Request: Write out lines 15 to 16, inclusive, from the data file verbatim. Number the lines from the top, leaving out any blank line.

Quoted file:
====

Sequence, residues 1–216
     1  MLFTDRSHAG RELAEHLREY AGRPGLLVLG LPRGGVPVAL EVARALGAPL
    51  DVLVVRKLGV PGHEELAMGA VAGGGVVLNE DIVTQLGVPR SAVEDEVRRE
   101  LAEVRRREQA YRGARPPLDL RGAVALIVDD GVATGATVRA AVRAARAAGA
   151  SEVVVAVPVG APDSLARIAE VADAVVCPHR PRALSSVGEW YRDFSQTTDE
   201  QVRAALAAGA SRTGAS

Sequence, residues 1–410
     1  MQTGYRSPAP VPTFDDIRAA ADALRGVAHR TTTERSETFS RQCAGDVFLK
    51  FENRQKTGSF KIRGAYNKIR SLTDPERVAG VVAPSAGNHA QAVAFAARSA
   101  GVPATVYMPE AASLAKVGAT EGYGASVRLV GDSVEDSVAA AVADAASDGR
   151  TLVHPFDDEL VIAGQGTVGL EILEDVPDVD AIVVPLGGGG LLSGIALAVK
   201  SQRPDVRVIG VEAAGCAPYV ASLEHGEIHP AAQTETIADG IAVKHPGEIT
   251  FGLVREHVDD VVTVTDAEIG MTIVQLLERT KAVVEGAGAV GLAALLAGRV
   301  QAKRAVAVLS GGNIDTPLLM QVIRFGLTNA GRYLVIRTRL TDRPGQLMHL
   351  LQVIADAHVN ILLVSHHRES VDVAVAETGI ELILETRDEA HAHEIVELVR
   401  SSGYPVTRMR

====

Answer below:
   351  LQVIADAHVN ILLVSHHRES VDVAVAETGI ELILETRDEA HAHEIVELVR
   401  SSGYPVTRMR